New Delhi, Aug 31 (IANS) The heavily-mutated new BA.2.86 Omicron variant is seeing a rapid increase in cases globally, with the number rising to 25. However, experts state that there is nothing to worry about.
After just three cases the World Health Organization (WHO) had declared it a variant under monitoring (VUM), and also called for closer monitoring of the variant to understand its spread and severity.
BA.2.86, which is a spin-off of the BA.2 version of Omicron, was first detected in Denmark on July 24. It has so far infected people in the UK, US, Israel, Denmark, South Africa, Portugal, Thailand and Switzerland, Sweden, Canada and Scotland.
It carries over 35 mutations in crucial parts of the virus when compared to XBB.1.5. This mutation count is roughly similar to the original Omicron variant that caused a surge in infections compared to its predecessors.
But BA.2.86 “will not be more severe. Like other Omicron sub-lineages, it may not require any treatment in most cases — no ivermectin, no antibiotics, no vitamins, and no supplements. Most will recover on their own,” Dr (Prof) Deepak Natarajan, a Delhi-based Interventional Cardiologist, wrote on X, formerly Twitter.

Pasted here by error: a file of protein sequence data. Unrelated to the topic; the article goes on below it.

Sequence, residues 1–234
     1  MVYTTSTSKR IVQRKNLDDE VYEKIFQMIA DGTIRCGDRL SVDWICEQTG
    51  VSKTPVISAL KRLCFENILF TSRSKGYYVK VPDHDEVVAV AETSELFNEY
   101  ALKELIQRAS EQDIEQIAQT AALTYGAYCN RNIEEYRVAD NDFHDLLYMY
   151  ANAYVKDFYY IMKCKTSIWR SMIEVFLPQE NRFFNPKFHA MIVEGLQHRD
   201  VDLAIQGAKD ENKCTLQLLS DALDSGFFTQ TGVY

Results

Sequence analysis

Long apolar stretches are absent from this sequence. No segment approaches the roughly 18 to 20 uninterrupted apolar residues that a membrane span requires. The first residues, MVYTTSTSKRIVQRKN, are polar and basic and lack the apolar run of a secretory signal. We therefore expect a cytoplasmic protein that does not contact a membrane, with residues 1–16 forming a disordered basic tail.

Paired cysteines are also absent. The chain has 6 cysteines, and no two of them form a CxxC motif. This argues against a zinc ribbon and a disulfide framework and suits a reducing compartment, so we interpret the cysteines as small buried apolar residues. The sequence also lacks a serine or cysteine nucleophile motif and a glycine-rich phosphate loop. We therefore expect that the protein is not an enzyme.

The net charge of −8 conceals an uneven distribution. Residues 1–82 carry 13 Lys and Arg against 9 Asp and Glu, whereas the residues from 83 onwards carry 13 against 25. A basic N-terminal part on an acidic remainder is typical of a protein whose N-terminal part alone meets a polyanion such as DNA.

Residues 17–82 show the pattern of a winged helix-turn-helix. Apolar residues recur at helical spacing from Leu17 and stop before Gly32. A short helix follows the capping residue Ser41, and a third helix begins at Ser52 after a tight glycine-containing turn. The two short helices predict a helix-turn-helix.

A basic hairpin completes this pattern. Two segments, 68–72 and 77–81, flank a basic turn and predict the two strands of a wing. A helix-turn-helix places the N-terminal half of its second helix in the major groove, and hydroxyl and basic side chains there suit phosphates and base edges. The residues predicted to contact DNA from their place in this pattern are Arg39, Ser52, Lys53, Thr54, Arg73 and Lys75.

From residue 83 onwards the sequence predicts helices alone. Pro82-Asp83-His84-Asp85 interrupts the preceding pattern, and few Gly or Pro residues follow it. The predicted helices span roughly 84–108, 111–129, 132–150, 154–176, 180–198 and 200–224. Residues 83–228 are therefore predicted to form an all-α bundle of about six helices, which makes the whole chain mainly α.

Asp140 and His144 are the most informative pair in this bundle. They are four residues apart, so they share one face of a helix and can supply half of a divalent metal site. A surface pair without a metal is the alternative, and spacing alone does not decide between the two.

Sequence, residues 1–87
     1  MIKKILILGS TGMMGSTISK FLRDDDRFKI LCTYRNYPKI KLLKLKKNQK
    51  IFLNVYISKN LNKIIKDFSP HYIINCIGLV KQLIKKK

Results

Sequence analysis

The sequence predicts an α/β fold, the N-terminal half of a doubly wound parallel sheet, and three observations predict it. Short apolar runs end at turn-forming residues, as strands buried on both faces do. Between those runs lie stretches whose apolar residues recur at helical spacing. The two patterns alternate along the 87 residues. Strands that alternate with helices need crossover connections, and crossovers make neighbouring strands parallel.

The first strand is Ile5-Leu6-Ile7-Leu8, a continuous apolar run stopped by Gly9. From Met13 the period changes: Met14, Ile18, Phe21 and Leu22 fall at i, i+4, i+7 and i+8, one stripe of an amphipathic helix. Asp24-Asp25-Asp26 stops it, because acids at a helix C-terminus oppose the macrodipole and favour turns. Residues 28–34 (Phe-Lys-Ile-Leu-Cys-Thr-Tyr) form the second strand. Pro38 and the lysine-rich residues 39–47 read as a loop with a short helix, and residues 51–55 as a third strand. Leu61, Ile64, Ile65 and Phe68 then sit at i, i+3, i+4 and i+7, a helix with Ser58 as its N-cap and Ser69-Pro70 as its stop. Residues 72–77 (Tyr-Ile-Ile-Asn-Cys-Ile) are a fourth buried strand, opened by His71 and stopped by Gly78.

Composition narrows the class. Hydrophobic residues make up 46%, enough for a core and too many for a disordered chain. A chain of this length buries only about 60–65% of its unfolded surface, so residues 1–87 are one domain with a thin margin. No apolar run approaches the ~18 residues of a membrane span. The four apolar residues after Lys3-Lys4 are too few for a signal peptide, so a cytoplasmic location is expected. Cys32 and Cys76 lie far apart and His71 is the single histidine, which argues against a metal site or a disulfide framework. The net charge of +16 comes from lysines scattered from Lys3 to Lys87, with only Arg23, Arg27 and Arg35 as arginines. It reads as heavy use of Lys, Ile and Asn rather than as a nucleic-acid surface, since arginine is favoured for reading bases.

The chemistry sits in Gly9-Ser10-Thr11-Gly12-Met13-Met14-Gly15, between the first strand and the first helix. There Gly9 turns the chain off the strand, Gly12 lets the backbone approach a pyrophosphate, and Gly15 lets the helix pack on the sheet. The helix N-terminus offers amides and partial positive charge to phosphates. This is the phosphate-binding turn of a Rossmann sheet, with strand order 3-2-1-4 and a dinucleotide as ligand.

Many of BA.2.86’s changes are in regions of the spike protein targeted by the body’s potent infection-blocking, or neutralising antibodies.
“For this reason, there is a good chance that the variant will be able to escape some of the neutralising antibodies triggered by previous infections and vaccine boosters,” as per a Nature report.
The increased differences in the new variant “is not necessarily a cause for alarm”, according to Dr Sarah Pitt, a virologist at the University of Brighton.
“What you have is the virus changes quite a lot as it goes along. Some of those changes are not good for the virus. A lot of them are just neutral, they are just a bit different from the others but it doesn’t make any difference,” Pitt was quoted as saying to BBC Radio Scotland.
“I don’t expect it to be any more dangerous than any other versions of Covid, except remembering that it is quite a nasty disease in some people.
“But I don’t think any of the variants we have seen across the whole of the last two or three years have been overall different, it’s just individuals experience Covid differently and there’s a whole range of things you could have. But there’s nothing new about the symptoms for this one as far as I know.”
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